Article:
Tag Archives: police brutality

May 11th: Jackson State

11 May

10 days after the Kent State Massacre in 1970, in Jackson, Mississippi there was a similar but much less publicized tragedy.  At Jackson State College on May 14/15, students had gathered to protest the US invasion of Cambodia. As the evening went on there were fires and turned over cars. Close to midnight, the police decided to disperse the crowd of Black student protesters. They approached and then for no apparent reason opened fire on the protesters- shooting 140 rounds.

Two people were murdered by the police that night- Phillip Lafayette Gibbs, 21, and James Earl Green, 17. 12 others were also injured. Continue reading

May 2nd- Beatriz Alberta Carino and Jyri Jaakola

3 May

In Oaxaca, Mexico paramilitary troops in support of the Mexican government, attacked a convoy of 25 people who were transporting food and supplies to the autonomous community of Triqui inidigenous people in San Juan Copala.

Beatriz Alberta Cariño, the director of the local non-governmental Centre for Community Support Working Together (CACTUS) and Jyri Jaakkola, a human rights observer from Finland. Both were shot in the head. Others in the convoy were injured and shot as they tried to escape the attack.

This is yet another example of the Mexican government utilizing paramilitary troops to repress the liberation and autonomy of indigenous people in Mexico. This particular zone has been dealing with government repression since they declared autonomy in 2007.

Indigenous people world wide frequently face violent oppression simply for practicing autonomy. Police and state oppression and brutality are not unique to the USA. The capitalist classes work globally to repress any movement or individual that challenges their dominance. Solidarity with our allies on a global level is necessary to try and combat these injustices.

May 1st- Oscar Grant

3 May

Oscar Grant was shot and killed by BART police in Oakland, California on New Years Day 2009.

Essentially, yet another case of police brutality, racism, violence, oppression, overreaction, lack of training etc. by the police state.

He was already detained and being held by the police when he was shot in the back. He was unarmed. The police were basically freaking out. They were responding to a supposed fight on the train. You have to question what good the police are if when called because of a fight they escalate the situation to the point of murder.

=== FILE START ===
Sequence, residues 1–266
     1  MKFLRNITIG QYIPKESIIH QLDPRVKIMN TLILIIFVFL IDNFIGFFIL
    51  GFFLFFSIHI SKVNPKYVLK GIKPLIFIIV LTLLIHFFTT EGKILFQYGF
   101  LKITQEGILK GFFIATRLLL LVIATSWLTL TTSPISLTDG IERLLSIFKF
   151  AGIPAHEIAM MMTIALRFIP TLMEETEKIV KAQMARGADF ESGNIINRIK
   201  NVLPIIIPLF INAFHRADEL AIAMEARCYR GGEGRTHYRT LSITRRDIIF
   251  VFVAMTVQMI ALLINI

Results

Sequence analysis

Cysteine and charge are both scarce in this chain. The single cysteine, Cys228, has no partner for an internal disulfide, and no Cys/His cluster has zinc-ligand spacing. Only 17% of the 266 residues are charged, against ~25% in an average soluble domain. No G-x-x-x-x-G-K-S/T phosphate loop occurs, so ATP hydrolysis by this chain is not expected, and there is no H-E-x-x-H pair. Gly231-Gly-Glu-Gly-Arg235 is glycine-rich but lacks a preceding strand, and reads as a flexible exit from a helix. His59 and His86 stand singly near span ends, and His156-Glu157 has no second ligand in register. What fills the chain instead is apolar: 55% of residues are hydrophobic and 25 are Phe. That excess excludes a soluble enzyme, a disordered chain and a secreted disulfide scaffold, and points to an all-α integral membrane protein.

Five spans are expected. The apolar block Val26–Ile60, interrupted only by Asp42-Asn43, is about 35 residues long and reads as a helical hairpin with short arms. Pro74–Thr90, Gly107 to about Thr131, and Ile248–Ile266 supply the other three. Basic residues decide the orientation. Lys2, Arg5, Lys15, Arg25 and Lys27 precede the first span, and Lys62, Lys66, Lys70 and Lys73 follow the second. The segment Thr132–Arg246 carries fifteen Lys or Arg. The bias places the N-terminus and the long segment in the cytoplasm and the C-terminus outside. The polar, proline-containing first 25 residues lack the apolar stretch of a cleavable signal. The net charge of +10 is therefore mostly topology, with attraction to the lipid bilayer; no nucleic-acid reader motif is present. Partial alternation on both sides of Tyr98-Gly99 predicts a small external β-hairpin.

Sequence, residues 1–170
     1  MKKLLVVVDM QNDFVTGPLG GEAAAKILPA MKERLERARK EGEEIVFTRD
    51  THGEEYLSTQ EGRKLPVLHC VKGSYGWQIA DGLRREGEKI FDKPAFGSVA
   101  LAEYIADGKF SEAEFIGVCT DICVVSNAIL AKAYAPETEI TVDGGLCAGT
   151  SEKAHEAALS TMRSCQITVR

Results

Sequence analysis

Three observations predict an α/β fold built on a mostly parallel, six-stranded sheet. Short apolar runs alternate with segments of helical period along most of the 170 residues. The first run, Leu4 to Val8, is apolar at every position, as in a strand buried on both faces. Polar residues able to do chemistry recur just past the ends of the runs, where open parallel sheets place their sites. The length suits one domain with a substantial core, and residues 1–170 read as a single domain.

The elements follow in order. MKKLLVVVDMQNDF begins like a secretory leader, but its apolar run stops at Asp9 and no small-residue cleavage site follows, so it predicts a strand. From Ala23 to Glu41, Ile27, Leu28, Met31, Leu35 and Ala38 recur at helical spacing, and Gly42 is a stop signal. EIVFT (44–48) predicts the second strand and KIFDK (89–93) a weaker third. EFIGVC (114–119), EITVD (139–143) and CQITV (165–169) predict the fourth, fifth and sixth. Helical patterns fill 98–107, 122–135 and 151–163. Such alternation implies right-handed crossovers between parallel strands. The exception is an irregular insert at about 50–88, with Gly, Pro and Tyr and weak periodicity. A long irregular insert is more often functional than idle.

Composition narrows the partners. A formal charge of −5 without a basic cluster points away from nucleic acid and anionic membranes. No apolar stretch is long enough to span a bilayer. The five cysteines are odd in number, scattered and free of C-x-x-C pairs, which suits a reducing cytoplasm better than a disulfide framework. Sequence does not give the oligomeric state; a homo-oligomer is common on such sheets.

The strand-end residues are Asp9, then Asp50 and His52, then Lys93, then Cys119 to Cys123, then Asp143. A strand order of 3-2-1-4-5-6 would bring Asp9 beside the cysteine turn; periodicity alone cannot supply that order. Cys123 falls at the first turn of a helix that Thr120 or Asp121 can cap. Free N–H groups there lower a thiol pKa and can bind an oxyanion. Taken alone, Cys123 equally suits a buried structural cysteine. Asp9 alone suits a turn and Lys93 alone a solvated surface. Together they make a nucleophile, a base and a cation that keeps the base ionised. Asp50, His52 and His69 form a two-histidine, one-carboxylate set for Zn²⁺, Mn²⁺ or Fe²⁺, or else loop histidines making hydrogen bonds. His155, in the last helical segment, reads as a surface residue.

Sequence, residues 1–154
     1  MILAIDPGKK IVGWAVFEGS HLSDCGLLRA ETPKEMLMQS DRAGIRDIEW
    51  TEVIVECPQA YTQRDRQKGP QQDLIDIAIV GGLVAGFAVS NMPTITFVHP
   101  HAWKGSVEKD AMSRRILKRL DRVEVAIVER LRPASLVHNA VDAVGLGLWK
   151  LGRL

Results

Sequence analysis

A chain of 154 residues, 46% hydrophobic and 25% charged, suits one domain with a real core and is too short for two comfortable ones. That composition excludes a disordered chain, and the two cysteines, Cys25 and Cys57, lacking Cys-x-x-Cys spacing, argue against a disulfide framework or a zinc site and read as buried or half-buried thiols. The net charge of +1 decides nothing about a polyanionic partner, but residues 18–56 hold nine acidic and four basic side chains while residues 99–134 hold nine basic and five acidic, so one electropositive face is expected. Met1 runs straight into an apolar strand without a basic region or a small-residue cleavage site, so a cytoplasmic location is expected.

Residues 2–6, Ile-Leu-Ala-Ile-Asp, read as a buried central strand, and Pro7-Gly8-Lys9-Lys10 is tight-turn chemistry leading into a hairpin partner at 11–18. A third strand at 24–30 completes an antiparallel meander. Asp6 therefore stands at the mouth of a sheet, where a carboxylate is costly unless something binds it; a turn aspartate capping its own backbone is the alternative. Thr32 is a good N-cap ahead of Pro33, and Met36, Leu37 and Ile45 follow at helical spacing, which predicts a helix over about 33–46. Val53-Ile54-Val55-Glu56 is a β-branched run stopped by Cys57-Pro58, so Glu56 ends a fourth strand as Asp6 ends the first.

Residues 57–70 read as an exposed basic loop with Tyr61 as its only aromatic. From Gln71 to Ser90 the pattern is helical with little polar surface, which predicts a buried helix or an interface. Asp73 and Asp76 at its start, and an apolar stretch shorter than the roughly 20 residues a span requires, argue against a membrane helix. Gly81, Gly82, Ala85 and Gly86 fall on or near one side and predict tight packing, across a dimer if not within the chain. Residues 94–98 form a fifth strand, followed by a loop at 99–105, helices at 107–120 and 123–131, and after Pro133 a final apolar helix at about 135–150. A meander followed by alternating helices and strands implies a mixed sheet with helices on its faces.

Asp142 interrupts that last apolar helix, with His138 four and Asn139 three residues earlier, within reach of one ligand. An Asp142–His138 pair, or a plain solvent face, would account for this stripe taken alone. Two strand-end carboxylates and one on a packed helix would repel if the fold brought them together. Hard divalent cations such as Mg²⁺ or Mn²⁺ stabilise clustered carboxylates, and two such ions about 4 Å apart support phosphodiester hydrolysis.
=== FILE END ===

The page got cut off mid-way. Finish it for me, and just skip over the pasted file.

This is the cop that killed him. Johannes Mehserle.

His trial begins June 1, 2010- over a year after he murdered Oscar Grant, when he was less than 22 years old.

Unfortunately, this is just one of many cases of police killing an unarmed person of color. This case has received a lot of attention because the whole instance was caught on film by many people, which has led more folks to a pretty reasonable conclusion that Oscar Grant was murdered.

Technology was used positively in this instance in order to provide evidence as to the brutality of the police. Even though it is too late for Oscar this evidence might help prevent future injustices. Which is a good motivator for folks to carry cameras or video cameras, participate in Copwatch programs, etc. in order to monitor the behavior of police in our communities.

May- Memorial Month to People Murdered by State

22 Apr

The Wingnuts (see http://www.thewingnutrva.wordpress.com) have decided that MAY is the month we will dedicate to remembering people who have been killed by the cops/FBI/CIA/state/COINTELPRO etc.

We are compiling a list of names to be used in a ceremony at our Memorial Day Cookout on May 31st. The information will also be incorporated into a mural/monument at the Wingnut.

As part of this whole idea, I will be posting a daily blog during the month of May on a different victim of the state. So lookout in May for profiles/bios/stories/pictures of these people. Because we should never forget about the terrible oppressive violence practiced by the police and the state on a daily basis.

Malcolm X – May 19, 1925- February 21, 1965

21 Feb

Today is the 45th Anniversary of Malcolm X’s assasination in Manhattan.

Malcolm X is remembered as perhaps one of the greatest and one of the most influential African-American men.

Malcolm X brought to light important political issues around Race, Capitalism, and Politics that many people today still have not made connections with. He called out the inherent connections between Capitalism and Racism. He talked about how the Democrats were no more useful to People of Color than Republicans.

While the blame for his assassination is still up in the air to some extent, between the folks who actually served prison time, local drug dealers, local cops, CIA/FBI, or just COINTELPRO actions in general, the bottom line is that a dynamic and influential Black man was murdered for his beliefs and his activism.

Malcolm X deserves to be remembered and honored for all of the work he put in around issues including race in America and the world. Continue reading